Teaching Our Children About Bad Words

Teaching Our Children About Bad Words

I was the odds-on favorite to be responsible for the first bad word to come out of my sweet daughter Avery’s 4 1/2-year-old mouth. 

Not that I am guilty of regularly using inappropriate language. I just wear my emotions on my sleeve often — for better and sometimes for worse. 

Fortunately for me, it happened when our girl overheard my wife’s reaction to a “disagreement” we had with the way I changed lanes in traffic. 

A few hours later, Avery had a “disagreement” of her own with one of her toys and out came the word she had heard in the car. Once I successfully fought back laughter and moved past the relief that it wasn’t my fault, I realized we potentially had a bigger issue on our hands. 

We are not alone. Some experts say children are learning to use profanity at an earlier age than they did just a few decades ago.

If your little ones have started to use some unsavory expressions, here are a few tips that can help them better understand the importance of their words and hopefully limit these verbal missteps.

  • Establish your family values. Each family raises their children with different values and beliefs about appropriate language. I know of a family who finds the word “poop” highly inappropriate, while it is the term of choice in our house. Like most things in parenting, it is important for you and your partner to sit down and agree on what words are OK and what words aren’t. If one parent finds one word OK and the other does not, it will just confuse your child. 
  • Determine the reason behind the word. Like it or not, your reaction will influence whether your child swears again. If you laugh a lot, you can bet you will hear that word again, accompanied by a beaming smile. If your child is using this word to get attention, it is best to ignore the swearing completely. No talking, no eye contact, no reaction. This is the best way to cut it off at the very beginning.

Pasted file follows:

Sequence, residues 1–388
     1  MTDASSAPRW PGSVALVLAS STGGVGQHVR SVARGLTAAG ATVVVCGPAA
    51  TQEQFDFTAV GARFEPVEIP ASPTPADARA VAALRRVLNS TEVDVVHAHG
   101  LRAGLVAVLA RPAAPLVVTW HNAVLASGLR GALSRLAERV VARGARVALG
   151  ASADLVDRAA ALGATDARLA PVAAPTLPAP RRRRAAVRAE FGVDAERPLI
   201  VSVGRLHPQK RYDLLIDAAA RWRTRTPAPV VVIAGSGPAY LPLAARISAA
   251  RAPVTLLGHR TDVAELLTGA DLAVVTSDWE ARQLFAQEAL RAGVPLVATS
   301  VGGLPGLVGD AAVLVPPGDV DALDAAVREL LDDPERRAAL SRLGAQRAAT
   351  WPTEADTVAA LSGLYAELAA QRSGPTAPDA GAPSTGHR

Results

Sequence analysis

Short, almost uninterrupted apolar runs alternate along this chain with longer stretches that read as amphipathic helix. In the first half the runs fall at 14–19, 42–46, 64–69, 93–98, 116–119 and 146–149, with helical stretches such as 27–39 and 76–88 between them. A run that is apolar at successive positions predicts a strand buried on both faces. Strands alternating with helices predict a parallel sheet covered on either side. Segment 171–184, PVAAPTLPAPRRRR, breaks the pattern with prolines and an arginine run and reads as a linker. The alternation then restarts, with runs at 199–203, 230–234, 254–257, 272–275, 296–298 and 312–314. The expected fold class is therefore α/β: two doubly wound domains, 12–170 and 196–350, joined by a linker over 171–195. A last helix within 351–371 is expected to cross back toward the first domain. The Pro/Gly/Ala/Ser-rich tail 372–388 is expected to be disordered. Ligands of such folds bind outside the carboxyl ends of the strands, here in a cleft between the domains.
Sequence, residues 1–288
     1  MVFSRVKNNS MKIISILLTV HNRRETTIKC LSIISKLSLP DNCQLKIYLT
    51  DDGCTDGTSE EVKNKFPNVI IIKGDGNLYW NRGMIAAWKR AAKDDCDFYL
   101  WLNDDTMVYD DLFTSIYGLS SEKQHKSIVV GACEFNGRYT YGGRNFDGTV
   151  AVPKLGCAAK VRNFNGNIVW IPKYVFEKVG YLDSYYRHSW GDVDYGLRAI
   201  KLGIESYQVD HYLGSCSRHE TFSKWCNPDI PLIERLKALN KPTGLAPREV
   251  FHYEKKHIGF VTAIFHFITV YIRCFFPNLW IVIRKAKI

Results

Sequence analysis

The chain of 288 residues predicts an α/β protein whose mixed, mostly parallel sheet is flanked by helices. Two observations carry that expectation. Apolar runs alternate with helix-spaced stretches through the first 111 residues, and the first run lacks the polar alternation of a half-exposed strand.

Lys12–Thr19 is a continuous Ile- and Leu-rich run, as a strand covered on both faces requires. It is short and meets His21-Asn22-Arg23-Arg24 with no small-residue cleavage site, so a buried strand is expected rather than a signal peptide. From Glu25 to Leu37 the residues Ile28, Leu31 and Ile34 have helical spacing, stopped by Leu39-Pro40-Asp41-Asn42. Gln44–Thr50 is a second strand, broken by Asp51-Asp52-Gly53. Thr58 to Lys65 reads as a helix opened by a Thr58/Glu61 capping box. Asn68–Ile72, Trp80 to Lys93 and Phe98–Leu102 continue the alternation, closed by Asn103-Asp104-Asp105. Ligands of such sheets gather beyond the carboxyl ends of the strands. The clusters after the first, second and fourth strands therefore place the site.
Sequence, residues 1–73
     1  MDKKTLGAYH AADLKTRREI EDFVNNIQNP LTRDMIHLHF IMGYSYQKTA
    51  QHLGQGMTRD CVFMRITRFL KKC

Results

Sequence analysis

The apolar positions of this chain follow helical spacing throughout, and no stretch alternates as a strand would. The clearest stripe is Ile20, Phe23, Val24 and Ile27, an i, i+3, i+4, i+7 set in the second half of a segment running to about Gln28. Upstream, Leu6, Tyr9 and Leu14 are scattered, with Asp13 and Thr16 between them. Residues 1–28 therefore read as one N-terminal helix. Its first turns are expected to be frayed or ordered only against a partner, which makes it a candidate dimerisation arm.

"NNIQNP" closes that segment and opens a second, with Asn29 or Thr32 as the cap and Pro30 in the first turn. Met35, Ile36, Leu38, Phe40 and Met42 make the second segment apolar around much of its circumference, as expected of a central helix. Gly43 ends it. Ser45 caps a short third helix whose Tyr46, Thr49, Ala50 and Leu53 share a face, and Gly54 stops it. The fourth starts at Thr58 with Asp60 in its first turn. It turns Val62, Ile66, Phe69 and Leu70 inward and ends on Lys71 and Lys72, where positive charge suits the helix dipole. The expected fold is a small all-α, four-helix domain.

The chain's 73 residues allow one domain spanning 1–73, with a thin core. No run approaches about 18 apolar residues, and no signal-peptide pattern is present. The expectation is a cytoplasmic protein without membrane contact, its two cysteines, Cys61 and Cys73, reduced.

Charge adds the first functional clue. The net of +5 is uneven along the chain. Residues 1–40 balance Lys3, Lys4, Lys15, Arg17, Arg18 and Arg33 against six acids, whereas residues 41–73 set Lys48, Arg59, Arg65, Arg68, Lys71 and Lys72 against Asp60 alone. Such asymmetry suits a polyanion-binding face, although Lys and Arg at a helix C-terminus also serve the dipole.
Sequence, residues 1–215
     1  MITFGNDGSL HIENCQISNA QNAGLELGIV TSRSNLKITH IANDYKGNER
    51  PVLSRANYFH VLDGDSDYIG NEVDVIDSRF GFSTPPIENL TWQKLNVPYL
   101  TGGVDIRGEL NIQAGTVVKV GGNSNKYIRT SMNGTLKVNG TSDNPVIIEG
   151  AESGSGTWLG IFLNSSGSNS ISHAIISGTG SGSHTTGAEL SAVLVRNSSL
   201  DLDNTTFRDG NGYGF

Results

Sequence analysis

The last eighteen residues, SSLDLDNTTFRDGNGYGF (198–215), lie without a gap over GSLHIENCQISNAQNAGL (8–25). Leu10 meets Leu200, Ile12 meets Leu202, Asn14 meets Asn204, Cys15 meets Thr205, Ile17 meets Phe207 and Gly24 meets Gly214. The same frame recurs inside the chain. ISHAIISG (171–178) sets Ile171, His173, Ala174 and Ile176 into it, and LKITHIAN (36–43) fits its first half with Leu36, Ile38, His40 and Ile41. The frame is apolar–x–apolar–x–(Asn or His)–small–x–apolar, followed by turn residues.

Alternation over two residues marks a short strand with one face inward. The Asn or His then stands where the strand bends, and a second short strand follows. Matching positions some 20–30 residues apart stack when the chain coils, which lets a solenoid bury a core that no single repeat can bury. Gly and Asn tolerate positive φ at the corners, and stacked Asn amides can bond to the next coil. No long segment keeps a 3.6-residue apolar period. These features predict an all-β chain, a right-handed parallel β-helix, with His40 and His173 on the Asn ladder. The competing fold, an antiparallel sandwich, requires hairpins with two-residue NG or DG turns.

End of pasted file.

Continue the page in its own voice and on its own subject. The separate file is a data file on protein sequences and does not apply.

• Embrace a teachable moment. If the inappropriate words continue, this is a great opportunity to sit down with your little ones and teach them about the impact of their words. While they may not understand the true definition of a word, children can understand the way a word makes people feel.
  • Monitor their resources. Where is your child picking up his or her new vocabulary? While family, friends and people at school are obvious sources, think one step further. What shows or movies is she watching? What music is she listening to? What types of videos is she watching on the internet?  
  • Be a role model. If you want to eliminate these words from your children’s vocabulary, it must start with you. You are their hero and the coolest person in the world to them. Telling your children that they can’t use a word and then using it yourself will lead to confusion for your children and frustration for you. Be more mindful of your own vocabulary.
  • Provide consequences. Once you have explained to your children why these words are not appropriate, it is important they know that it is their choice to continue to use the word and that their choice has consequences. I am not here to tell you how to parent and discipline your children, but knowing there will be a negative outcome if they use the word can help curb their desire to say it.

Chances are, you are going to have to deal with bad words many times as your children get older and are exposed to more people and more content sources, especially in their teenage years when they are using new words to try to be cool and impress their friends. 

Laying the foundation for the words we use, and more importantly those we don’t, just might help you get through the teenage years a little easier.

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